Complexity of insurance policy contracts

Insurance policies can be complex and some policyholders may not understand all the fees and coverages included in a policy. As a result, people may buy policies on unfavorable terms. In response to these issues, many countries have enacted detailed statutory and regulatory regimes governing every aspect of the insurance business, including minimum standards for policies and the ways in which they may be advertised and sold.
For example, most insurance policies in the English language today have been carefully drafted in plain English; the industry learned the hard way that many courts will not enforce policies against insureds when the judges themselves cannot understand what the policies are saying. Typically, courts construe ambiguities in insurance policies against the insurance company and in favor of coverage under the policy.
Many institutional insurance purchasers buy insurance through an insurance broker. While on the surface it appears the broker represents the buyer (not the insurance company), and typically counsels the buyer on appropriate coverage and policy limitations, it should be noted that in the vast majority of cases a broker's compensation comes in the form of a commission as a percentage of the insurance premium, creating a conflict of interest in that the broker's financial interest is tilted towards encouraging an insured to purchase more insurance than might be necessary at a higher price. A broker generally holds contracts with many insurers, thereby allowing the broker to "shop" the market for the best rates and coverage possible.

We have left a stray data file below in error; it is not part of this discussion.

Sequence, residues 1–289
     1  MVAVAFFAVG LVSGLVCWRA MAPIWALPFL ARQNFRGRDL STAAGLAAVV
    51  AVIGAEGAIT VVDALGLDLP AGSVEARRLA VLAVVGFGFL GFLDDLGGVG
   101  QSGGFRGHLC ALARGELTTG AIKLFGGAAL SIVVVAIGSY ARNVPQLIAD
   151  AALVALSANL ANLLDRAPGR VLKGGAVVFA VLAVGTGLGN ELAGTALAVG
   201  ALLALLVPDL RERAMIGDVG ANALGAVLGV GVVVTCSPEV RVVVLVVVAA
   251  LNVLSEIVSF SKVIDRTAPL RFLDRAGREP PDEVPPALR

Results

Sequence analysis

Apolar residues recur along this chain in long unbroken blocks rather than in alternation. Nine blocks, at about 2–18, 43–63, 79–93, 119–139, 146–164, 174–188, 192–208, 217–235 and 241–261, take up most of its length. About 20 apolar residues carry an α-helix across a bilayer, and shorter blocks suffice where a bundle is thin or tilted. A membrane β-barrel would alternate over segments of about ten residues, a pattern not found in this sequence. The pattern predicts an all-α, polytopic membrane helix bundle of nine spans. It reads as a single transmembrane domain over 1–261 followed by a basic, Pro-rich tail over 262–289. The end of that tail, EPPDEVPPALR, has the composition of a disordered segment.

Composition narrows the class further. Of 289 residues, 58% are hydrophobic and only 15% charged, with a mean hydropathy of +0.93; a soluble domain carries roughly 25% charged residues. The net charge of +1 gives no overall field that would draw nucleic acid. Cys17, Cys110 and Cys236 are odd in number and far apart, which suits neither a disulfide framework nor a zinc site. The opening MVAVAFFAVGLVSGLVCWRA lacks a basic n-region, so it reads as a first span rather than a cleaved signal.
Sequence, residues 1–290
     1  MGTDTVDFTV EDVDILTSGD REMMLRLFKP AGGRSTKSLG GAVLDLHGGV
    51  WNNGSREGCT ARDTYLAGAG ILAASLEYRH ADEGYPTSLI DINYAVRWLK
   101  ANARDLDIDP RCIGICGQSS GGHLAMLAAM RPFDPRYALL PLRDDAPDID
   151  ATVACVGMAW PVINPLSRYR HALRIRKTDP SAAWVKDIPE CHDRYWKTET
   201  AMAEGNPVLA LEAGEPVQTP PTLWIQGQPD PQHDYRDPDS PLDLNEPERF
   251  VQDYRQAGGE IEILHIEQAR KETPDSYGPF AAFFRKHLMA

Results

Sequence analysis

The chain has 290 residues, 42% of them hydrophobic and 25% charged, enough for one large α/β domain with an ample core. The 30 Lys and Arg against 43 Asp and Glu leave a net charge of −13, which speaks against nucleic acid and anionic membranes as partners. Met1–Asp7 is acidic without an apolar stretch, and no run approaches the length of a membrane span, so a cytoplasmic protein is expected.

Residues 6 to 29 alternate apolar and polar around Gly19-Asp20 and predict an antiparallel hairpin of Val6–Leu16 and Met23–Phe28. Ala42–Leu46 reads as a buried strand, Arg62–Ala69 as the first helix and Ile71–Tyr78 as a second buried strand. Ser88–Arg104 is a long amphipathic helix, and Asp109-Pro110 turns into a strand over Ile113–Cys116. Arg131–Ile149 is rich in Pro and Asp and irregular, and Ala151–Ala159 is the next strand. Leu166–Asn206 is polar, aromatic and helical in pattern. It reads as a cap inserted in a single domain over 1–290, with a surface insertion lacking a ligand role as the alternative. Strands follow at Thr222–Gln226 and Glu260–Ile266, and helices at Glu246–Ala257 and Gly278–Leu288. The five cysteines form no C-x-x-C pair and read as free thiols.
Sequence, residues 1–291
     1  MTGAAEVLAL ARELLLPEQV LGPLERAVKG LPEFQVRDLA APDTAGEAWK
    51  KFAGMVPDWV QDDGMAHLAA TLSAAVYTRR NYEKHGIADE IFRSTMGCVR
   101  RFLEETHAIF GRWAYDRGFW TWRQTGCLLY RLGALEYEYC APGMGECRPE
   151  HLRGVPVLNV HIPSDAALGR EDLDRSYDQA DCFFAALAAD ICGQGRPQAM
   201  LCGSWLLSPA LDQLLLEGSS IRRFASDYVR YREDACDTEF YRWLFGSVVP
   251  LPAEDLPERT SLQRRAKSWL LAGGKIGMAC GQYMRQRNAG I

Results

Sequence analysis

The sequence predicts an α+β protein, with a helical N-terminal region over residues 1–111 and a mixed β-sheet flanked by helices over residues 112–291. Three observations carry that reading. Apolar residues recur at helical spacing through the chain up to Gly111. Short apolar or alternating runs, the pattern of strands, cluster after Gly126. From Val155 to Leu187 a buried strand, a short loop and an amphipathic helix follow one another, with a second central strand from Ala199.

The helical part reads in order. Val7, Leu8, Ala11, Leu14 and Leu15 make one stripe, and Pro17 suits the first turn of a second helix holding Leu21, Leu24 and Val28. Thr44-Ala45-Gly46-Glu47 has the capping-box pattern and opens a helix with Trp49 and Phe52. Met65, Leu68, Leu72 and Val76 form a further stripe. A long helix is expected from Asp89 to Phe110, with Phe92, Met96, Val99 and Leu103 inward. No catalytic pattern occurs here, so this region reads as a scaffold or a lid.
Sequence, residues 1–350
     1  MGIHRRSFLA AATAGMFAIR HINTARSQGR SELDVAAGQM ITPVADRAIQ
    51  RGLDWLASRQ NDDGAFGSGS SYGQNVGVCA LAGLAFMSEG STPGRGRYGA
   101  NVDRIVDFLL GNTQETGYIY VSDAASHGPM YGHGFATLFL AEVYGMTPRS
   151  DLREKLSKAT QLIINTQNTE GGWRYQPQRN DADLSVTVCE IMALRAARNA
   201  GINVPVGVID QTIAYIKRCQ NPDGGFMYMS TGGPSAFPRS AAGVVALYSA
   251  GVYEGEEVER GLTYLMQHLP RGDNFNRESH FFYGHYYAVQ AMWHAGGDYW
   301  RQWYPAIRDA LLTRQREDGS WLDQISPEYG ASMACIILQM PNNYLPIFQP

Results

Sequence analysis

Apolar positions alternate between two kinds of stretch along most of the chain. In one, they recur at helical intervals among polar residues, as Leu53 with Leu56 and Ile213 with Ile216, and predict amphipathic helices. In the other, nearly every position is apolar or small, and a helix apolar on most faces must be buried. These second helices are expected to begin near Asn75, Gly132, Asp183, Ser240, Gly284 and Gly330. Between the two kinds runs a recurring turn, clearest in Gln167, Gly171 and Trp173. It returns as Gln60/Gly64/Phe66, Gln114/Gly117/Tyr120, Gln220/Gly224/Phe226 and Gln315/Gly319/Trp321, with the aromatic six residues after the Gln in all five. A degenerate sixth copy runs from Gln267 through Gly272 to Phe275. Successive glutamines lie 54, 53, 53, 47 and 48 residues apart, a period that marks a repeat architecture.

Insurance may also be purchased through an agent. Unlike a broker, who represents the policyholder, an agent represents the insurance company from whom the policyholder buys. Just as there is a potential conflict of interest with a broker, an agent has a different type of conflict. Because agents work directly for the insurance company, if there is a claim the agent may advise the client to the benefit of the insurance company. It should also be noted that agents generally can not offer as broad a range of selection compared to an insurance broker.
An independent insurance consultant advises insureds on a fee-for-service retainer, similar to an attorney, and thus offers completely independent advice, free of the financial conflict of interest of brokers and/or agents. However, such a consultant must still work through brokers and/or agents in order to secure coverage for their clients.

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